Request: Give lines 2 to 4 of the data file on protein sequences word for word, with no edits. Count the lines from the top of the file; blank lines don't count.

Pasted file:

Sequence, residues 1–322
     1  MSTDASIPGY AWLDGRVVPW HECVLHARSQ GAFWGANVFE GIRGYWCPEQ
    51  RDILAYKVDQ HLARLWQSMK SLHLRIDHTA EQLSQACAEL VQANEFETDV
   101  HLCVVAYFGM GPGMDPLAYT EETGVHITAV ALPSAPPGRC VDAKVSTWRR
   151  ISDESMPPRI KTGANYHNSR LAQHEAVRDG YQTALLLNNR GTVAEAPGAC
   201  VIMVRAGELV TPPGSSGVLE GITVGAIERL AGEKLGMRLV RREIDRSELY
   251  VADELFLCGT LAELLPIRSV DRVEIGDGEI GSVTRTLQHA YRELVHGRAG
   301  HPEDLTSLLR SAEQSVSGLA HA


     1  MSTDASIPGY AWLDGRVVPW HECVLHARSQ GAFWGANVFE GIRGYWCPEQ
    51  RDILAYKVDQ HLARLWQSMK SLHLRIDHTA EQLSQACAEL VQANEFETDV
   101  HLCVVAYFGM GPGMDPLAYT EETGVHITAV ALPSAPPGRC VDAKVSTWRR